Select Apply followed by OK. You’ll now be asked if you want to restart now or later. Doing so later will allow you to use your system as usual and then boot into Safe Mode the next time you restart. Note that this method will bypass the Windows 10 'Choose an option' screen detailed in Method 1 and go straight to Safe Mode.

Windows 10 safe mode boot option

Method 3 – Windows 10 Recovery Drive

If you’re unable to even boot to the desktop to use either Method 1 or Method 2, this might be your best bet. Fortunately, if you didn’t have the foresight to create a recovery drive in advance, you’re not completely out of luck. If you have another system running the same version of Windows 10, you can use this to create a Windows 10 Recovery Drive using a USB.

On your working system, open up the Start menu and search for ‘Create a recovery drive’. It should be the first option in the results menu. On the next screen, make sure that ‘Back up system files to the drive’ is selected. Now run through the process and ensure you have a big enough USB flash drive. The wizard will let you know how much space you’ll need. Note that you’ll lose any existing data on the drive, so make sure you back up any content first.

Windows 10 create recovery drive

With the flash drive inserted into your system, reboot and the system should boot from the USB flash drive. If not, you might have to enter your system’s BIOS first to tell it to boot from USB. This will differ depending on your motherboard’s manufacturer but usually requires you to hammer away at the Del or F2 keys as you turn the system on: see, how to boot from USB for more information. Once you boot from the recovery drive you’ll need to select the relevant keyboard layout for your keyboard. Now select the Troubleshoot option and follow the instructions as for Method 1 to boot into Safe Mode.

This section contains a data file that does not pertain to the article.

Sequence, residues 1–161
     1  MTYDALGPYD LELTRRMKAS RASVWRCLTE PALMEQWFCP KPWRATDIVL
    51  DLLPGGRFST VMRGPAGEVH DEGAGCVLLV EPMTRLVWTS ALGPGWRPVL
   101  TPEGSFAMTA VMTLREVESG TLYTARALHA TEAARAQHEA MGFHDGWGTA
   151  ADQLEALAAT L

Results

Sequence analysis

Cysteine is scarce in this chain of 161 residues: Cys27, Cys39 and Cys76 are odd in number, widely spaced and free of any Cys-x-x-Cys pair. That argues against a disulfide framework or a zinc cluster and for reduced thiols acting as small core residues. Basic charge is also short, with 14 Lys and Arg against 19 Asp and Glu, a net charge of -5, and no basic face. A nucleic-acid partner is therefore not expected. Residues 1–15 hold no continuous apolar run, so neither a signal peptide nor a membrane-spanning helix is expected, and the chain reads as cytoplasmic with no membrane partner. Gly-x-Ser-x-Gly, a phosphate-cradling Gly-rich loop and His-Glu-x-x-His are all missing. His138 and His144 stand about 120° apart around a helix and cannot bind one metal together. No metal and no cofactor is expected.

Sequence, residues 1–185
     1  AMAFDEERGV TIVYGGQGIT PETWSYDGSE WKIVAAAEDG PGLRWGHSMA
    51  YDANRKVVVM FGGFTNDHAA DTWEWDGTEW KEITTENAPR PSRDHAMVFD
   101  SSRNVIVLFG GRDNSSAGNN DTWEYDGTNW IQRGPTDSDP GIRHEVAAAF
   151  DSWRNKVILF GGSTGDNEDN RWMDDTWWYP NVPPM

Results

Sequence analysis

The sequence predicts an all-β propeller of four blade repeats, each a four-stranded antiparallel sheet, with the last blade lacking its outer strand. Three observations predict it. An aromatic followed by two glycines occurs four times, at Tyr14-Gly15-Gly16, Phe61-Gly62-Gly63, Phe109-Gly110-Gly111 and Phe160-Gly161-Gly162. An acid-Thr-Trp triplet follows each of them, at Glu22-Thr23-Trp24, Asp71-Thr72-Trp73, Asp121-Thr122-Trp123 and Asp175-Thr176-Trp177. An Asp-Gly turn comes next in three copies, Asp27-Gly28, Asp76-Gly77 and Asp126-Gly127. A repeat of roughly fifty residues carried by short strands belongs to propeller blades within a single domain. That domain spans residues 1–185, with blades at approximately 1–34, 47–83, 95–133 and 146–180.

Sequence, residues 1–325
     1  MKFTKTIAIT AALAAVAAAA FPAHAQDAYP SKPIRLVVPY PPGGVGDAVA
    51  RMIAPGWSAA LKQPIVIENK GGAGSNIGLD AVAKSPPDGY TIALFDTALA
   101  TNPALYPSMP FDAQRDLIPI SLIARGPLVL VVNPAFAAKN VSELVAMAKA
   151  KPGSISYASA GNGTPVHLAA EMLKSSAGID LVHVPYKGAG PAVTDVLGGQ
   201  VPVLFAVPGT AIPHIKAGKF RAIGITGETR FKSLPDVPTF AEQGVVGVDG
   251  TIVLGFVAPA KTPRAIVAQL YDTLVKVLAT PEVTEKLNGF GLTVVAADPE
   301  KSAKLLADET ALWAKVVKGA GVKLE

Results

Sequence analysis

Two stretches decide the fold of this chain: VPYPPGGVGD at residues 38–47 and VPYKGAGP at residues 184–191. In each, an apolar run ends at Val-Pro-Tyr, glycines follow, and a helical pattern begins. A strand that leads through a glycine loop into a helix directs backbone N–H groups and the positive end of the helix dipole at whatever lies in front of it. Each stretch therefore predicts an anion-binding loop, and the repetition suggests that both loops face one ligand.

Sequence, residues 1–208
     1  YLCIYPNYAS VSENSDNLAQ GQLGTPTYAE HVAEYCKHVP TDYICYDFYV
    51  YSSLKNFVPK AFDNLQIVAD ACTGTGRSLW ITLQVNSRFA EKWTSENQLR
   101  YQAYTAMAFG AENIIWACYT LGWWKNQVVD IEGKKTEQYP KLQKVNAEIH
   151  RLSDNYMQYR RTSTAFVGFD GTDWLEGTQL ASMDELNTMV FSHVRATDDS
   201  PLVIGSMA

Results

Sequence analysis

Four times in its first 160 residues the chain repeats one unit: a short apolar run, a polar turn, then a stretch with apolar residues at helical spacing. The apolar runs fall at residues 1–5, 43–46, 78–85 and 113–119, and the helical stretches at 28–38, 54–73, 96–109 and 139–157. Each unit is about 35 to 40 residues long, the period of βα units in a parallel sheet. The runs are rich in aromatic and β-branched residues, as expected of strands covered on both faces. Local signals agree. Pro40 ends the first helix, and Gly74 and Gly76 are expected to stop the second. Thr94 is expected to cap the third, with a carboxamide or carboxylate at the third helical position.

Method 4 - Create a boot config

If none of the above work, you can create your own custom boot config using BCDedit in the Command Prompt. Start by opening a Command Prompt with admin rights by typing in 'CMD' into the search field of Windows 10's Start menu. Then right-click the Command Prompt and select 'Run as administrator'.

Now, in the Command Prompt, type in: bcdedit /copy {current} / d "Windows 10 Safe mode" and hit Enter. Close the Command Prompt window.

Next, open up the System Configuration by searching for 'MSConfig' (without the quotes) and running the top search result. In the Boot tab, select the Windows 10 Safe mode option you created in the step above. Tick 'Safe boot' and 'Minimal' and set a long enough time out period. Make sure to check 'Make all boot settings permanent' and hitting Apply. You'll get a warning that you won't be able to undo the changes to boot up, but you can ignore this.

They can actually be removed by accessing System Configuration at a later date and deleting the newly created entry. You can also create new entries with networking or command prompt turned on with the same instructions, just be sure to give it a sensible name during the Command Prompt stage.